In the spring of 1959, German heiress Vera Krupp was finishing dinner at her Spring Mountains ranch when robbers forced their way in, stole the 33-carat diamond ring off her hand, tied her up, raided the house then fled into the night. It was a high-profile robbery, and the thieves were eventually caught in another state. The ring was restored, and after Krupp’s death it became the famous engagement ring Richard Burton gave Elizabeth Taylor.
It’s not the usual story that comes to mind when absorbing the extraordinary scenery of the Red Rock Canyon National Conservation Area, but the neighborhood, it turns out, is rich with arresting tales.
In Seekers, Saints & Scoundrels: The Colorful Characters of Red Rock Canyon ($18.95), authors weave a fascinating story from 19th-century explorers to the ranchers, trappers, miners, homesteaders, horse thieves, vacationers and Natives who shaped area culture, including the ambitious developers whose controversial grand plans were thwarted—all pieced together through public documents, oral histories and newspapers.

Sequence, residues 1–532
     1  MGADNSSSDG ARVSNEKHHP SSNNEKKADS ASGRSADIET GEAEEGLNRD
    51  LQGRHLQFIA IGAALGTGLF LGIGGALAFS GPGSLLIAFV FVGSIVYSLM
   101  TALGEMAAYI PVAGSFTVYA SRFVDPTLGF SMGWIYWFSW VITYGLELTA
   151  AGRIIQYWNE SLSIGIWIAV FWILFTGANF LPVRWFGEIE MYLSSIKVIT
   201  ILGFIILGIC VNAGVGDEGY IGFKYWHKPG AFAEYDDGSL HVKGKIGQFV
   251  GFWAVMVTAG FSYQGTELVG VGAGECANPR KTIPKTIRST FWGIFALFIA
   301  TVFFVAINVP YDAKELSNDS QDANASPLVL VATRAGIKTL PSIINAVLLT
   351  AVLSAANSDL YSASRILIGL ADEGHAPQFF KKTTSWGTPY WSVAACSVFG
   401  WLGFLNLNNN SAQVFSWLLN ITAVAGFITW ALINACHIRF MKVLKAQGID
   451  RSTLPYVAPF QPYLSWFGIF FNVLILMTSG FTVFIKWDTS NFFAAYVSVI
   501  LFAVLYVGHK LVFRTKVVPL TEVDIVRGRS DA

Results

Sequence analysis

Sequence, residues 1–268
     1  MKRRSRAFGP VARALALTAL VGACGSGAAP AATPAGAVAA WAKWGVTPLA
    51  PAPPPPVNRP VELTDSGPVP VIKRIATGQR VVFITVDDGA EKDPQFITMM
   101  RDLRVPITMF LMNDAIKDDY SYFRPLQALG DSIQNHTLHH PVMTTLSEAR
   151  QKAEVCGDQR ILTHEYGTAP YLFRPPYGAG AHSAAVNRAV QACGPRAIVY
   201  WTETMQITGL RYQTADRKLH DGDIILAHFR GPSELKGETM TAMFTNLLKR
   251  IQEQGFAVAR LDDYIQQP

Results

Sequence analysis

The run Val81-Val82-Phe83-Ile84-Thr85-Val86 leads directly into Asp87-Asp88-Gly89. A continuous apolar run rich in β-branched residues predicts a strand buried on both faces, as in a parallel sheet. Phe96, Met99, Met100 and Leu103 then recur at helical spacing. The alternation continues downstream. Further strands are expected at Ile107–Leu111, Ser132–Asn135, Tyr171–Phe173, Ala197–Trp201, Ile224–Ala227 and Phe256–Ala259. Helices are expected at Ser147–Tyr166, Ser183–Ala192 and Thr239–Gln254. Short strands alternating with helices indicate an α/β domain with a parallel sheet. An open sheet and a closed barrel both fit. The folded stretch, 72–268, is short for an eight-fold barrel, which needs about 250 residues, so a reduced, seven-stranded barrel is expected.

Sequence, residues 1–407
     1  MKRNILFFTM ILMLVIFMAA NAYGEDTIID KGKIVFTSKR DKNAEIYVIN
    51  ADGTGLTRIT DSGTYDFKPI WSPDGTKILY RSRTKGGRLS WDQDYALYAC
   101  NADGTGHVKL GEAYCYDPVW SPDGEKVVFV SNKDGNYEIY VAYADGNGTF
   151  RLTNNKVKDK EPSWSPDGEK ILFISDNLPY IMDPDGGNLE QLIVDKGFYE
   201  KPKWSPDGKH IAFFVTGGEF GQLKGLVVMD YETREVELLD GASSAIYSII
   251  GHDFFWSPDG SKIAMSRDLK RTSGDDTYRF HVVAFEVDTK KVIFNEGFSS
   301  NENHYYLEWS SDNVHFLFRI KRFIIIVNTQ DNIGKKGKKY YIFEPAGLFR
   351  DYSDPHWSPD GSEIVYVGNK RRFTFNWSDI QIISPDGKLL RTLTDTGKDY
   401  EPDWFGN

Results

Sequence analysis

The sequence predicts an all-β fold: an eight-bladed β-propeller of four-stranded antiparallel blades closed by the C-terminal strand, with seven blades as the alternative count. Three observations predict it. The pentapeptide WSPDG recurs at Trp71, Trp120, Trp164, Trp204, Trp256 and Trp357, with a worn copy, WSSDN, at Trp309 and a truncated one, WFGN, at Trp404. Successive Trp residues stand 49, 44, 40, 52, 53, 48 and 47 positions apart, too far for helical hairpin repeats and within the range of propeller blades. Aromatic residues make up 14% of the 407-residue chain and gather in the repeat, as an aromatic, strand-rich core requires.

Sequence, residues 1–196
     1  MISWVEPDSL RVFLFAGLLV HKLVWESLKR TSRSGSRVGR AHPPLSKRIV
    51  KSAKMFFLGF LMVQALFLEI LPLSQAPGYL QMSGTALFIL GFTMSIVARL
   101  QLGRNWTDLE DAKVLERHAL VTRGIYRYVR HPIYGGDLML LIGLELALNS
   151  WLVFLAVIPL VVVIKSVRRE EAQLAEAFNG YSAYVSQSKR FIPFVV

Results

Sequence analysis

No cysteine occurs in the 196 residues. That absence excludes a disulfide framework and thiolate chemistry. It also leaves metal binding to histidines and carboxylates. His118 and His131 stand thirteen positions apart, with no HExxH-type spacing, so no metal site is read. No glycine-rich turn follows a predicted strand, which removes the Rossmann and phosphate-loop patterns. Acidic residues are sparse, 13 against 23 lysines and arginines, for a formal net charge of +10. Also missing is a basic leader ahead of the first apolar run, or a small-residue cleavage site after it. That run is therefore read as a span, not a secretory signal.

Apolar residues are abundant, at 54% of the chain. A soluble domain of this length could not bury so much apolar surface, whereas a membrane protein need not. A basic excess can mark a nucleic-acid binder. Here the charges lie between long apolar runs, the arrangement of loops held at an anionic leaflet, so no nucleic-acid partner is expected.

Researched and written by Friends of Red Rock Canyon volunteers, a dedicated group of loyalists monitoring, documenting and preserving the area, the book portrays the people drawn to the mountains and springs long before the land was protected. It unveils the history of the unique town of Blue Diamond, the quarries of Red Rock, the threat of oil drilling in the 1970s and the life story of Bonnie McGaugh, a salt-of-the-earth, Hollywood-born professional ice skater who bought the ranch in the 1950s and turned it into a beloved local attraction.
Seekers, Saints & Scoundrels is a straightforward archive putting 150 years of footprints on a landscape known more for its prehistoric, rather than recent past. And it does so with great affection for the area the Friends of Red Rock have fiercely represented for more than three decades.